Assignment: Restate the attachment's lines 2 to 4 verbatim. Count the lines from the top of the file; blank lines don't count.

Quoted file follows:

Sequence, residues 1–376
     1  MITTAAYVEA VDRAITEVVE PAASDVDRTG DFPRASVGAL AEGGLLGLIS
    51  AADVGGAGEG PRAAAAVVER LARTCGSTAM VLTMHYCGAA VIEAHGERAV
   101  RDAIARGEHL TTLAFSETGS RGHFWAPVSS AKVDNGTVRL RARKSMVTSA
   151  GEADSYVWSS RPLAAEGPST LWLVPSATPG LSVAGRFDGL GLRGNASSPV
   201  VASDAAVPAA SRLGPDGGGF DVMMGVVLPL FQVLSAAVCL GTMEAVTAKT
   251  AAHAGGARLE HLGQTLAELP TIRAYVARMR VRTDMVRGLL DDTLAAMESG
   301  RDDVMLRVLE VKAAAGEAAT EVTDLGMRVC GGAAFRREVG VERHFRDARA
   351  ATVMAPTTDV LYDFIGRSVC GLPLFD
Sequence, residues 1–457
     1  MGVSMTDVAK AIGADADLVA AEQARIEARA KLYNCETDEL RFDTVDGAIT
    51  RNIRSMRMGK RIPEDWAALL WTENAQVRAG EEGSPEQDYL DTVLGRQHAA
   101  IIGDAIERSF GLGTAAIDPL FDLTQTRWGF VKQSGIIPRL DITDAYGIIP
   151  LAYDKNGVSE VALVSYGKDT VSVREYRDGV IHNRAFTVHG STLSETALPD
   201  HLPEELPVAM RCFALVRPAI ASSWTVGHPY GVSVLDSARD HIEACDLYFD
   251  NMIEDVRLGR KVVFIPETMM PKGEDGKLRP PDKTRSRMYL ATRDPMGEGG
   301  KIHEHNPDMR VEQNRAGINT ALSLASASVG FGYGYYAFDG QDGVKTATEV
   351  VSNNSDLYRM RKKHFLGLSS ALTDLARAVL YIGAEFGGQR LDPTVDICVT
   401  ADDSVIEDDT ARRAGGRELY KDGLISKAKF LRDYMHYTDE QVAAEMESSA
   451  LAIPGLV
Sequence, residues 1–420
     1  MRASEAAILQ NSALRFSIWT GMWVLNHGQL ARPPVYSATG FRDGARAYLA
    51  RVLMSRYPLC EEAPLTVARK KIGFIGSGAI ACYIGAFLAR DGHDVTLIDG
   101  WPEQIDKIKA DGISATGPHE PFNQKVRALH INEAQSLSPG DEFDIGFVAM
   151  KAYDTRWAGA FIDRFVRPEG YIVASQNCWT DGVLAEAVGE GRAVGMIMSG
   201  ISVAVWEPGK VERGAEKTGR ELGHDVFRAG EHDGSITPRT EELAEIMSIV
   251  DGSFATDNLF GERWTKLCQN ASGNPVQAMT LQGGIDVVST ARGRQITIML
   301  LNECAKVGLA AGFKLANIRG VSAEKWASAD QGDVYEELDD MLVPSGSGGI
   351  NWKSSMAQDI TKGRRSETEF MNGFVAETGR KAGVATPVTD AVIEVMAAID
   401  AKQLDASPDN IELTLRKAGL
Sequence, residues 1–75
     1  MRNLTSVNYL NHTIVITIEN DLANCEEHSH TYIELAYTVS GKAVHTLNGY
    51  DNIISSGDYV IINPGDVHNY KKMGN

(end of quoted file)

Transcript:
     1  MITTAAYVEA VDRAITEVVE PAASDVDRTG DFPRASVGAL AEGGLLGLIS
    51  AADVGGAGEG PRAAAAVVER LARTCGSTAM VLTMHYCGAA VIEAHGERAV
   101  RDAIARGEHL TTLAFSETGS RGHFWAPVSS AKVDNGTVRL RARKSMVTSA